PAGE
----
There are certain words that keep journalists up at night. Last night in my bedroom at 11:58 p.m., the word was “Michelins.”

NEW YORK, NY - APRIL 30: Singer Carrie Underwood visits the Z100 Elvis Duran Morning Show at Z100 Studio on April 30, 2012 in New York City. (Getty Images)

Great song, but I still had a question: What brand of tire would Carrie Underwood slash? Firestones? It didn’t sound right. Goodyears are popular — but that made me think of the blimp, which would muddle a jack-o-lantern metaphor I was setting up. Should I call my truck-owning cousins? “Hey, man! Sorry for not calling the past seven Christmases, but, um, do you like Carrie Underwood? And what kind of tires are you using these days?” Nah.

I went to a consumer site that said Michelins were the highest-ranked brand of tire for pickup trucks. I liked the sound of “Michelins” and I came up with some fall-back reasoning, too. If it turns out Michelins are for losers, that’s fine. Carrie’s cheating beau is a loser. Michelins. Michelins. Michelins, Regis. Final answer.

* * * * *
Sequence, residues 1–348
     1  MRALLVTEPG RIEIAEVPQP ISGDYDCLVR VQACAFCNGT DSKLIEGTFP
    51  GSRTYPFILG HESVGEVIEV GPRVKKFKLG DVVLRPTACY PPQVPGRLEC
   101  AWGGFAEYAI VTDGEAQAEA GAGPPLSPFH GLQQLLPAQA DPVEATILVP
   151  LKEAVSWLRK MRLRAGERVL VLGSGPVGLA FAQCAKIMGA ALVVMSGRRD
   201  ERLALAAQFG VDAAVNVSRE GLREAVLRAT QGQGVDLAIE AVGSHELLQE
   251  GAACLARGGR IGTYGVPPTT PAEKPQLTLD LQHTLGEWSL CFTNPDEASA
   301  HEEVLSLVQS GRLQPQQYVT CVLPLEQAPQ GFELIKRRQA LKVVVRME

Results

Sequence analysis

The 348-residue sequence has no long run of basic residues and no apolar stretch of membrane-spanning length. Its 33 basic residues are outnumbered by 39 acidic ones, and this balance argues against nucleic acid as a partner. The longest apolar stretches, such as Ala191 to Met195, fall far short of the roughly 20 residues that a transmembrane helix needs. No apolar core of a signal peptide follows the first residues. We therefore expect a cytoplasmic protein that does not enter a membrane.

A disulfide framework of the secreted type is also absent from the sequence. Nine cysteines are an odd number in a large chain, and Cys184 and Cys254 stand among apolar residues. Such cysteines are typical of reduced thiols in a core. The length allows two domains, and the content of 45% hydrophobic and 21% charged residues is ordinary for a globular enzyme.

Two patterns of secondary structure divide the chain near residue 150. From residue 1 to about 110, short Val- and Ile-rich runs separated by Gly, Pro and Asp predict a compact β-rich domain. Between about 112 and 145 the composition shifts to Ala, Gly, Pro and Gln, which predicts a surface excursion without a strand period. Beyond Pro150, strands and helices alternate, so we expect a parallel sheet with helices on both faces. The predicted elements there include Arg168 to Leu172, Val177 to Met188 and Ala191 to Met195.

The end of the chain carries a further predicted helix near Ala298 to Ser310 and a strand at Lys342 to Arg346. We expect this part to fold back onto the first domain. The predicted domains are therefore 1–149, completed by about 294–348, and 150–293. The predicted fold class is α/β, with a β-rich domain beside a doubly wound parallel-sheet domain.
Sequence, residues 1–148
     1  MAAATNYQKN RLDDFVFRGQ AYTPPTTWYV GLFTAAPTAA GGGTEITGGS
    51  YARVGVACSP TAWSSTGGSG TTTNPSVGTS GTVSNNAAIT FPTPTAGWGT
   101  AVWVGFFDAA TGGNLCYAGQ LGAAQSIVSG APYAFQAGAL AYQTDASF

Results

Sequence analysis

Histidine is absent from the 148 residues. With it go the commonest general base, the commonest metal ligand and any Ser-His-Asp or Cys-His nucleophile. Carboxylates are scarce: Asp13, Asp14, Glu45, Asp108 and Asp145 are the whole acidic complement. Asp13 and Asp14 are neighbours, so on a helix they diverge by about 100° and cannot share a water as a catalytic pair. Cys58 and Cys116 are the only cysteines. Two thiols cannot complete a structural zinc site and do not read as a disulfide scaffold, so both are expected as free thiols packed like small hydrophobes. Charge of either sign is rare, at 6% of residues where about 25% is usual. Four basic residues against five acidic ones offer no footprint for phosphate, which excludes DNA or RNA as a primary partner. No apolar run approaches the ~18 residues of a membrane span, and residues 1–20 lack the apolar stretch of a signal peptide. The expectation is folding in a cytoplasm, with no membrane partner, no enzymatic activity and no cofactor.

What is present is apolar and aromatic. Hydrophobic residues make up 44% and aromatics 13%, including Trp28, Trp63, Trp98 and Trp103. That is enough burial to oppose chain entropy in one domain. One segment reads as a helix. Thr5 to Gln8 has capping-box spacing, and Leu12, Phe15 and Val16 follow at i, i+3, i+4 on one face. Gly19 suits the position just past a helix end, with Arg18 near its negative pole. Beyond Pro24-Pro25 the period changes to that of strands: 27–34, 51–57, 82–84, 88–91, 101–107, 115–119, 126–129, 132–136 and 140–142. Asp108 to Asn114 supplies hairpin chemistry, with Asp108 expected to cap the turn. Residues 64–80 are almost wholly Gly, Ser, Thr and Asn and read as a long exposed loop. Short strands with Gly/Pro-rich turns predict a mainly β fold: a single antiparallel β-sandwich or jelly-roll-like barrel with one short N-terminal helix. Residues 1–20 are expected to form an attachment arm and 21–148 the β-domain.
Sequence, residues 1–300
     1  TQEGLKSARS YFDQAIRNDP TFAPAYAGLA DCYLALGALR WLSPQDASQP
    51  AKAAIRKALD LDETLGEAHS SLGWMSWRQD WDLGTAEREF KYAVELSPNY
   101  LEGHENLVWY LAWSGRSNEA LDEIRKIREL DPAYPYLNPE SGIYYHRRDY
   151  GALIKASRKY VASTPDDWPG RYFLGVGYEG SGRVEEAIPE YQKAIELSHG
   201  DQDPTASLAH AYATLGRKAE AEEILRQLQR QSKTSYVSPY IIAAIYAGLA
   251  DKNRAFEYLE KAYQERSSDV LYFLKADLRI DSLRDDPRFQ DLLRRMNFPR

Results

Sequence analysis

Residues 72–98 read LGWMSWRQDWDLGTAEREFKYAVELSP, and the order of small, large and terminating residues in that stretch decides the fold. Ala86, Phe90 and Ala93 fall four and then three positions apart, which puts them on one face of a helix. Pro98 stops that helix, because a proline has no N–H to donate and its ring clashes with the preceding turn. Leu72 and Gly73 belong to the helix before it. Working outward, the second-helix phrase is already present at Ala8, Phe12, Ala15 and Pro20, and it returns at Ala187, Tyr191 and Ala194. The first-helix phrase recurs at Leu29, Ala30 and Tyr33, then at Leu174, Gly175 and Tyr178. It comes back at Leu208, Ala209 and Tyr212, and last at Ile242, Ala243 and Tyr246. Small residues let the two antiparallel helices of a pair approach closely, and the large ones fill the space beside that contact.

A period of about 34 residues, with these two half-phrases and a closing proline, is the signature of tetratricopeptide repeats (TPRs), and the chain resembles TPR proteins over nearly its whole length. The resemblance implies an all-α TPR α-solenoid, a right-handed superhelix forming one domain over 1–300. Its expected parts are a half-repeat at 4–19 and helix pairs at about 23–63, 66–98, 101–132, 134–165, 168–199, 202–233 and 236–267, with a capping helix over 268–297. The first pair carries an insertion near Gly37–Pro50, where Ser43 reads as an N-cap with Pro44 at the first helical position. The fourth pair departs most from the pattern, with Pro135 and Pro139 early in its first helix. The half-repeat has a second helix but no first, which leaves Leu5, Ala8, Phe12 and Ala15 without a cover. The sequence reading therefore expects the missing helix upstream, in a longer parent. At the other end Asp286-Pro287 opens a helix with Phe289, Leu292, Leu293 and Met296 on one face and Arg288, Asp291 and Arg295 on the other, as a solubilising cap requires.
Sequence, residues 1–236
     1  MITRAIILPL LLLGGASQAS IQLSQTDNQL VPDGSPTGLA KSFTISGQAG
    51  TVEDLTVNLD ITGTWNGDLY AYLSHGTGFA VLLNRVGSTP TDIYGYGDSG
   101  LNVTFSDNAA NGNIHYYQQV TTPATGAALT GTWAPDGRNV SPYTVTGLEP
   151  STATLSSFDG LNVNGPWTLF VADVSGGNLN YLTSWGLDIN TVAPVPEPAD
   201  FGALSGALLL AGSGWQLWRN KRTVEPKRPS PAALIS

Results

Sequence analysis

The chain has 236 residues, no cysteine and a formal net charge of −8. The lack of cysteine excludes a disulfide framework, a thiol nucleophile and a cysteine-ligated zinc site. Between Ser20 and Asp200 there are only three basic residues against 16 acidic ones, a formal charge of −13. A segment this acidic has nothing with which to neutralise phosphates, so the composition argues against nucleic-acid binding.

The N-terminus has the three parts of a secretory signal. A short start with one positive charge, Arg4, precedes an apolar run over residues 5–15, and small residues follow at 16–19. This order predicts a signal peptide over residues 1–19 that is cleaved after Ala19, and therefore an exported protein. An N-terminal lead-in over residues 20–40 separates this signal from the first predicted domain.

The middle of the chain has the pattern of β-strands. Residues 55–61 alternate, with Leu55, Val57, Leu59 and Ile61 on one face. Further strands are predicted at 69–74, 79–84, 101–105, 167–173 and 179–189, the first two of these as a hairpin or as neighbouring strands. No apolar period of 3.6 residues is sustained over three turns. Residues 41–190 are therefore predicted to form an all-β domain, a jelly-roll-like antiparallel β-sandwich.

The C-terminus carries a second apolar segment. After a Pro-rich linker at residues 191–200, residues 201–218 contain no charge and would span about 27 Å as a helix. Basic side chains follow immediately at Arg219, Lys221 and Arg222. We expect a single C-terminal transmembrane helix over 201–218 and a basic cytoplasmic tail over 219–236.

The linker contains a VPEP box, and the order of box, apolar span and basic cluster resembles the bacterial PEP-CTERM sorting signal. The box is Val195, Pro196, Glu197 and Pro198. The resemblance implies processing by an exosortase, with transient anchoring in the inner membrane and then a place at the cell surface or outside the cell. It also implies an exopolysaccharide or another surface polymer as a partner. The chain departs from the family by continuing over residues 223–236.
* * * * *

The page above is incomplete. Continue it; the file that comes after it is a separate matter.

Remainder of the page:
“Double-cross this one and she’ll carve up the Michelins on your pickup like a jack-o’-lantern,” I wrote.

At 9:39 a.m.Tuesday, I received an email from a reader in Takoma Park:

“Subject: Michelins? MICHELINS?????

Hey Chris --  No self-respecting country music fan is going to have Michelins on the truck.  We use Goodyear. . . .”

My impulse is to trust a reader passionate enough to use five question marks in a subject line, but just in case, I’ll be arriving at my next Carrie Underwood concert an hour early so I can scope out the tires in the parking lot.

Chris Richards is The Washington Post's pop music critic. He has recently written about Future's ability to torque time, Rihanna's reign over the selfie surveillance state, and the authoritarian hold music used at Donald Trump's rallies.